The ability to oxidize fat is associated with a lower risk of chronic metabolic disease. Preclinical data in mice showed that a high-fat “breakfast” increased 24-h fat oxidation relative to a high-carbohydrate breakfast.
The objectives of this study were to determine whether the timing of macronutrient intake in humans affects daily fuel utilization and to examine associations between fuel utilization and metabolic indexes.
Participants were 29 healthy sedentary men and women (aged 55–75 y) with a body mass index (kg/m2) between 25 and 35. Participants were randomly assigned to receive either a high-fat breakfast (FB; 35% carbohydrate, 20% protein, 45% fat; n = 13) or a high-carbohydrate breakfast (CB; 60% carbohydrate, 20% protein, 20% fat; n = 16) for 4 wk while consuming a “neutral” lunch and dinner. Twenty-four-hour and postprandial respiratory quotients (RQs) were measured by whole-room indirect calorimetry. Insulin and glucose measures including insulin sensitivity were determined by an oral-glucose-tolerance test. Measures were taken at baseline and after the 4-wk intervention. Group-by-time interactions were determined by 2-factor repeated-measures mixed-model ANOVA. Pearson’s correlation analyses were used to determine associations of 24-h RQs with metabolic measures after the intervention.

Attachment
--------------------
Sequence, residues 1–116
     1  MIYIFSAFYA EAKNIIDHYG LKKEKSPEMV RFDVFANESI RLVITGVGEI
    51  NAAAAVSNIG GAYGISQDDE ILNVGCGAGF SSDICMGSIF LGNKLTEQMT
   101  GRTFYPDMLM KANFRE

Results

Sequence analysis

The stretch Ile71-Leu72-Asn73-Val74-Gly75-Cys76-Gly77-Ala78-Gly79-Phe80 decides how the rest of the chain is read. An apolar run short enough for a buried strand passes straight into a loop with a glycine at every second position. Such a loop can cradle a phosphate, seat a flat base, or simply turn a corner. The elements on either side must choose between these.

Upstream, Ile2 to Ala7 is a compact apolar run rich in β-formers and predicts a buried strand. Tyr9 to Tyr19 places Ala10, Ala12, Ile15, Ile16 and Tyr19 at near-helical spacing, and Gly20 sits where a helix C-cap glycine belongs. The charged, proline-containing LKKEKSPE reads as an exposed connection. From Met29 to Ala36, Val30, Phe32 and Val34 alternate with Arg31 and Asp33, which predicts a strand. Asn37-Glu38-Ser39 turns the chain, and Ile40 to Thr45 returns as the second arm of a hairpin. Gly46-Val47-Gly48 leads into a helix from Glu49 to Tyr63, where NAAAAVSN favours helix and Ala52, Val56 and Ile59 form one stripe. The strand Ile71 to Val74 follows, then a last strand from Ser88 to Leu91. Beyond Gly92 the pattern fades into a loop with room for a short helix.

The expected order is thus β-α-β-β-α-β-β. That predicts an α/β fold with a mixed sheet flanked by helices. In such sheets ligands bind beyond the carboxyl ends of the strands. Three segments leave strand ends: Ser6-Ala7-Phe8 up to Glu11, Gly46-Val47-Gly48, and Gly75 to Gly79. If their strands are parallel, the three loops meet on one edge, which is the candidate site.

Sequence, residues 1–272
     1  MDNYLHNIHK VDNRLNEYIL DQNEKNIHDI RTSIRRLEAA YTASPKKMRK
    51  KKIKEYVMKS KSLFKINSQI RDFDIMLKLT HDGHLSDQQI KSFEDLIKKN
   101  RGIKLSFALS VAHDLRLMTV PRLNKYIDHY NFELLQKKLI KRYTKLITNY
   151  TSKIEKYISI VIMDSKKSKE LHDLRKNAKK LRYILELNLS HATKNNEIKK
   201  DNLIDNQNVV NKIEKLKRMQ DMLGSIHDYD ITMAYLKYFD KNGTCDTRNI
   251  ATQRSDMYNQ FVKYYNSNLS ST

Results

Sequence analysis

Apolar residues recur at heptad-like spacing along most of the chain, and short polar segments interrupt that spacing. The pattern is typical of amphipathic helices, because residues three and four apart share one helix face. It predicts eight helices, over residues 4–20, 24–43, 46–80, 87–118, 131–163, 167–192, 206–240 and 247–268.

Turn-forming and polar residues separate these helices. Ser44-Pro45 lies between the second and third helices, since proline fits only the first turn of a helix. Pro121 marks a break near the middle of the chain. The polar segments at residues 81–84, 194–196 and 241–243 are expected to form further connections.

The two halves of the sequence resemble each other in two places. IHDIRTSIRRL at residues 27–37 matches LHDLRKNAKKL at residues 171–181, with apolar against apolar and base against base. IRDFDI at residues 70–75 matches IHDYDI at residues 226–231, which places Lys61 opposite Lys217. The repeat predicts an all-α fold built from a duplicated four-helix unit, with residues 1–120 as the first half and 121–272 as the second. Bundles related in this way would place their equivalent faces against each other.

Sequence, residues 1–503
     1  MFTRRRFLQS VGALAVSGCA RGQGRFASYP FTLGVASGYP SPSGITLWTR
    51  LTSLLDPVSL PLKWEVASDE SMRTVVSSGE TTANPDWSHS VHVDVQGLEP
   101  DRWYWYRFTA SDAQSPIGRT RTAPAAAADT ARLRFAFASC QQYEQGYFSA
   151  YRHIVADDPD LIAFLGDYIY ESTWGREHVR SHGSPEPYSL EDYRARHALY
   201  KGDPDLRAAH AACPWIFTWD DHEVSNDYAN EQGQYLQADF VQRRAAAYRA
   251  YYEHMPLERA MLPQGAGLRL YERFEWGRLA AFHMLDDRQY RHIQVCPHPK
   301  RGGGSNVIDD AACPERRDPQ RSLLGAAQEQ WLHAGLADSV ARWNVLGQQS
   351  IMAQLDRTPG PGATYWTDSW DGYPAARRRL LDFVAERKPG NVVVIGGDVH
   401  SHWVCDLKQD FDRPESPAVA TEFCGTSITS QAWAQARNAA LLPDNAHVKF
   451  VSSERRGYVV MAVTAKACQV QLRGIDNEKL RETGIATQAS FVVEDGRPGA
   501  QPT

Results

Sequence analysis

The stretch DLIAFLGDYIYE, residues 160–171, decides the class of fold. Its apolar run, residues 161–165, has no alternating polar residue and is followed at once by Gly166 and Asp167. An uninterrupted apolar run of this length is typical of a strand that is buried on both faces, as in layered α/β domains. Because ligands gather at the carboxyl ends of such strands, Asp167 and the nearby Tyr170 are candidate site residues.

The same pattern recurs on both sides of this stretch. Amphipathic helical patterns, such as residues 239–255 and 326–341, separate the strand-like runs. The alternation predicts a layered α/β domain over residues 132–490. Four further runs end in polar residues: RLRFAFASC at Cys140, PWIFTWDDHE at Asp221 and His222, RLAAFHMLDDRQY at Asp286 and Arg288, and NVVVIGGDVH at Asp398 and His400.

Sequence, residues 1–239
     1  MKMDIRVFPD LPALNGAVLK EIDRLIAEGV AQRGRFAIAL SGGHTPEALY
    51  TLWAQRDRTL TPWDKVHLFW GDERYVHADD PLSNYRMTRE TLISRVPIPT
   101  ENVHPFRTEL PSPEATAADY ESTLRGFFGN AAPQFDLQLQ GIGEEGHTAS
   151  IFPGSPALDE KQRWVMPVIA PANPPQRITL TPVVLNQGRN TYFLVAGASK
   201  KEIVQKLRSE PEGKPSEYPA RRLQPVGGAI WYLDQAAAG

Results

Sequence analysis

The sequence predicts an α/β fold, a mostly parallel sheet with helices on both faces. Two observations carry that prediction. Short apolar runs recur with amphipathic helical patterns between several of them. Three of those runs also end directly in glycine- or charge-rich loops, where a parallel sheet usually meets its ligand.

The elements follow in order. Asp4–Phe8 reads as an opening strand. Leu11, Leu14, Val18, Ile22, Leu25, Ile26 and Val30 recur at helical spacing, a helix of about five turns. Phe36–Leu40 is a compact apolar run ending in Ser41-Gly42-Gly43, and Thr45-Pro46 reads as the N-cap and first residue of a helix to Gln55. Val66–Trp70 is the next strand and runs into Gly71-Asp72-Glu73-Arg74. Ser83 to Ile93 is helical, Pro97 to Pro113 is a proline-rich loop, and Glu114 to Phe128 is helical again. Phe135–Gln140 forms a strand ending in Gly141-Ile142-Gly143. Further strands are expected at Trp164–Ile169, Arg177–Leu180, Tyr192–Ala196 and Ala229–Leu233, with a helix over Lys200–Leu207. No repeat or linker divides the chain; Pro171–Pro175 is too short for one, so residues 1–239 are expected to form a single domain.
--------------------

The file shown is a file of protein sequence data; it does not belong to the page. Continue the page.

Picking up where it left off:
There was a significant group-by-time interaction for change in the 24-h RQ [FB (mean ± SD): 0.88 ± 0.02 to 0.86 ± 0.02; CB: 0.88 ± 0.02 for both; P < 0.05], breakfast RQ (FB: 0.88 ± 0.03 to 0.86 ± 0.03; CB: 0.89 ± 0.02 to 0.90 ± 0.02; P < 0.01), and lunch RQ (FB: 0.089 ± 0.03 to 0.85 ± 0.03; CB: 0.89 ± 0.03 for both; P < 0.01). In the CB group at follow-up, 24-h RQ was positively associated with fasting glucose (r = 0.66, P < 0.05), glucose area under the curve (AUC) (r = 0.51, P < 0.05), and insulin AUC (r = 0.52, P < 0.05) and inversely associated with insulin sensitivity (r = –0.51, P < 0.05).
The macronutrient composition of breakfast affects substrate utilization throughout the day in older adults. The consumption of a high-fat, lower-carbohydrate breakfast may reduce the risk of metabolic disease.